What am I driving at here? What’s my overall, overarching point? It’s just fun – it’s a fun, unashamed popcorn munching blockbuster and if you accept it on those terms there is a lot of light hearted enjoyment to be had here. But is it a good adaptation?

Well, here’s where things (out of necessity) get a little more subjective because there are things here that may well annoy the more die-hard of Holmes fans. The subplot with Irene Adler proves the film will be joining the list of different versions that cannot get her right and the set up to the sequel is more obvious than the one at the end of Batman Begins….BUT!


All of these changes? All of these tweaks are not that “BAD” per se, because all of them can, (and have) been supported by the text. Characters like Holmes and Watson just can’t be static cut-outs once they have been around for as long as these two have. Culture evolves and so to pick holes in a fun piece of film making would be trying to stop culture evolving and shifting its representations. You just can’t do that, so you have to take the good and the bad together on it’s own terms and with that piece of perspective, go away, get some popcorn and just enjoy it.







Even if Guy Ritchie screwed it up with the sequel.




Promising not to split hairs, or ‘Benedict Cumberbatch – world’s creepiest baby sitter.’


After last week’s post I was challenged by two people on roughly the same point; that a film based on a book has to be considered an adaptation – both made the point in a different way and both very eloquently too  -(you can check them, and me out on Twitter *SHAMELESS PLUG*.) The point they both raised was, I hope, well taken and I edited the article to admit that I was splitting more hairs than someone with trichotillomania in a hair salon.

However, I think that this week’s article will help me explain my point about the artistic problem of making an incredible literary/film adaptation. Step forward Ian McEwan. Put simply I believe he is one of the best writers currently living and working in the United Kingdon, nominated for the Man Booker Prize a frankly stunning, six times. He’s a fellow of the Royal Society of Literature, Royal Society of Arts and the American Academy of Arts and Sciences. He’s been awarded the Shakespeare Prize, appointed as the first visiting scholar and writer at Dickinson College, given a CBE and if that were not enough, The Times named him as one of the 50 greatest British writers since 1945. In short, this man has got some serious game.

So, if this is one of the UK’s finest writers who isn’t dead then it must be quite the ballsy step for a director to try to take on McEwan’s complex and inter-textual work – so who would step up? One of the heavy hitter’s of Western cinema? Well, how about a school drop out who left education with no GCSE’s? Step forward a certain young director – Joe Wright.

Joe Wright released his version of McEwan’s eighth novel in 2007 as his second feature film, Atonement starring Wrights near-ever present muse of Keira Knightly as well as the exceptionaly talented Saoirse Ronan. Almost immediately the critical reception was, bluntly, arse-kissingly good. Atonement and it’s newbie director set records as Wright became the youngest director ever to open that year’s Venice Film Festival at the tender age of just 35.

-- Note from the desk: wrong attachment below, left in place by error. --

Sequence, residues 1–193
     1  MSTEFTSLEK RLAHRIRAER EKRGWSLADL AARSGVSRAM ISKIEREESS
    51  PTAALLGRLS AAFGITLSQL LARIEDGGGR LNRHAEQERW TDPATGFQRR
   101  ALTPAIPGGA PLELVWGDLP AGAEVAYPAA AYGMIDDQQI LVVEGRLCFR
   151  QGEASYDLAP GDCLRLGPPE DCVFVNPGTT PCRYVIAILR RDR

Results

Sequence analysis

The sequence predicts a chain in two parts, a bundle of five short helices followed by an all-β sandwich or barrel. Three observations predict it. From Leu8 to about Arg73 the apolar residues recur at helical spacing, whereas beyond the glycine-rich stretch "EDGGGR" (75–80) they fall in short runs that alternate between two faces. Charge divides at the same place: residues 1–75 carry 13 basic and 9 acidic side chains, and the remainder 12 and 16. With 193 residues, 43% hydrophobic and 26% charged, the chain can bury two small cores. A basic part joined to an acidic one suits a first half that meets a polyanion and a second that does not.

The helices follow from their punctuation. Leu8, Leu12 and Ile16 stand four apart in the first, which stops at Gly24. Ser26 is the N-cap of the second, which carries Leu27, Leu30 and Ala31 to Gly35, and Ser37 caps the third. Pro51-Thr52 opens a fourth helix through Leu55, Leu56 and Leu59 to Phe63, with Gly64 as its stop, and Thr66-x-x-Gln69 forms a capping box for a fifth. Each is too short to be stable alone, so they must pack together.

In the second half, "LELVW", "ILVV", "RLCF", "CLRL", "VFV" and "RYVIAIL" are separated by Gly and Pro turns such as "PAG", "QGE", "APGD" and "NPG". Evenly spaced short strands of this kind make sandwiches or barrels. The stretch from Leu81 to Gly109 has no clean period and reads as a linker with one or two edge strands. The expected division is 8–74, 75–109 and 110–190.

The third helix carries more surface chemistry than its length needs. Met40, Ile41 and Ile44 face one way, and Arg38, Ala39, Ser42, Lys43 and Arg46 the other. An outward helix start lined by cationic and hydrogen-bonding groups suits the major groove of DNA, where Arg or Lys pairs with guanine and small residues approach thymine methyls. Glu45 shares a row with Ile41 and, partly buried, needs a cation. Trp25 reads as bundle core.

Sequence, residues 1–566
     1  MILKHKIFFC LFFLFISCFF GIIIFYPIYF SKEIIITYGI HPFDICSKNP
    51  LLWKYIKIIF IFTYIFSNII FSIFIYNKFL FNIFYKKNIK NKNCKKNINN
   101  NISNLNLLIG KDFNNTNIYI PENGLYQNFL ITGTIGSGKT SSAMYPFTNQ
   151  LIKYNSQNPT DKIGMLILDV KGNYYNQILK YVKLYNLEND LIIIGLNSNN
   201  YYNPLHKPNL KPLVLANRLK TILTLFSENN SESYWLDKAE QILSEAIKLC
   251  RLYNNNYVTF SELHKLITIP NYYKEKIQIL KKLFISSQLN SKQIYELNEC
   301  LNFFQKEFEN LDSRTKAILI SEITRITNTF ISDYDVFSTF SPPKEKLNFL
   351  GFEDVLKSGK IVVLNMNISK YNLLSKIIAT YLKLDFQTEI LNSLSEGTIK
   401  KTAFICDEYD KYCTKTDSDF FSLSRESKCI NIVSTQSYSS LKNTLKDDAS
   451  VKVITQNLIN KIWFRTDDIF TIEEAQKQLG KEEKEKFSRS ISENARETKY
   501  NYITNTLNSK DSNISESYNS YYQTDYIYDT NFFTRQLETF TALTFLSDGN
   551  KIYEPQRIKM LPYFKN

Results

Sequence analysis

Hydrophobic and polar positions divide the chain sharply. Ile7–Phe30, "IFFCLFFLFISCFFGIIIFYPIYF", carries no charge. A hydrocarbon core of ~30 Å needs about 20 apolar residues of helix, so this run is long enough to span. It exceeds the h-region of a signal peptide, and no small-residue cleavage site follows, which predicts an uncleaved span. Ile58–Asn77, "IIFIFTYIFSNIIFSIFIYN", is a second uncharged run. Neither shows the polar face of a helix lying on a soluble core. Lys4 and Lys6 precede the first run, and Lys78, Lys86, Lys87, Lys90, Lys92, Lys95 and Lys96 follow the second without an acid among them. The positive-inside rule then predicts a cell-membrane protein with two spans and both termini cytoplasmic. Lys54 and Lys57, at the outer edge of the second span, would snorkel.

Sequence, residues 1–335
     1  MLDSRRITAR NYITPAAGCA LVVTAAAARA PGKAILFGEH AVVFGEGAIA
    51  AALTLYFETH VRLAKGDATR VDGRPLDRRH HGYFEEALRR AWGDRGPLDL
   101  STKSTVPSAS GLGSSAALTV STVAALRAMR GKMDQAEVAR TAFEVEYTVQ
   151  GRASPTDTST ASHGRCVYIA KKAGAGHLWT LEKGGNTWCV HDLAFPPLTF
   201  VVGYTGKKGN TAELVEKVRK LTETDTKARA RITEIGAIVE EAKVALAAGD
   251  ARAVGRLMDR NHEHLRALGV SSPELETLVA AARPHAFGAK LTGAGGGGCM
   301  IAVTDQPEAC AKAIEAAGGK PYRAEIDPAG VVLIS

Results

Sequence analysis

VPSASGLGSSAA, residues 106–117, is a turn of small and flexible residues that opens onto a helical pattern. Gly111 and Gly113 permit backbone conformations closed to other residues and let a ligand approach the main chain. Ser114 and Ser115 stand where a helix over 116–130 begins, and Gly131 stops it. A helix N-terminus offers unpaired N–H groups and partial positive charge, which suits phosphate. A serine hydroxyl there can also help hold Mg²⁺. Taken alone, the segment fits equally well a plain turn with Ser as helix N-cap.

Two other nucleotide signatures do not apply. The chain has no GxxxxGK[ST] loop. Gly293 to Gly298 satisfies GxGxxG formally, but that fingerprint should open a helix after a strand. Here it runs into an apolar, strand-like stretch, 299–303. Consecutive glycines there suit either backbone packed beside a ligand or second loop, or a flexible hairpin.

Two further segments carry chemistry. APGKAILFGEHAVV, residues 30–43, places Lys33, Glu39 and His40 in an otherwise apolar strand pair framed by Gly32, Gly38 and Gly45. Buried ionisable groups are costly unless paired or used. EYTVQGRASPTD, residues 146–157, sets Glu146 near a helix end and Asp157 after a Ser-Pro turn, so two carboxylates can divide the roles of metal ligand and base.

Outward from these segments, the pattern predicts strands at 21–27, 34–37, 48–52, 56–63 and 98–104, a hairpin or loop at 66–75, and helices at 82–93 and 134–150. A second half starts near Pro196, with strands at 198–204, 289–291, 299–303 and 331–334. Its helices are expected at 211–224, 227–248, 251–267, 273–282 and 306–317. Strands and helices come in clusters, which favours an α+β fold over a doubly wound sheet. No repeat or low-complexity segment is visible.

So, there’s the background. So, now, onto the critique…

And you know what? I think this might be one of the best adaptations I have ever seen. Seriously, it is just brilliant. From the opening credits the film demonstrates how to take a source material, (in this case the 2001 novel) and make into something uniquely filmic – not by trying to copy the methods of McEwan’s literary work but by using the film medium to do something the novel could not do. The way the title is brought up on-screen is simple, visual and yet nods to the inter-textuality of the original book. The letters appear as if ‘typed’ onto screen and the opening shot of Bryony Tallis’s doll house gives immediate foreground of the manipulation that she works in her fiction work and the real world relationship she destroys.

I will try not to provide too many spoilers, (this could well be futile as both but the book and the film were massively popular and deservedly so) so I will just say this. The plot of the novel hinges and depends on observation, point of view and the interpretation of things that we see not necessarily adding up to what we think. By and large I think this is a trick that the film pulls off a little better than the thoroughly excellent novel. The scene at the fountain in the novel’s opening section is a case in point. Here we read the same scene from the two opposing perspectives, Bryony from the window and Robbie by the fountain. The book dwells, (not unreasonably) on Bryony’s reactions and the scene forms, we later learn, the back bone of a short story.As much as I enjoy writers with the talent to pull off POV switches the whole things, when considered through hindsight feels more than a little like Mrs. Dalloway. This is in fact later added to the novel as a fictional publishers letter and makes the self-awareness feel like trying to have one’s cake and eat it…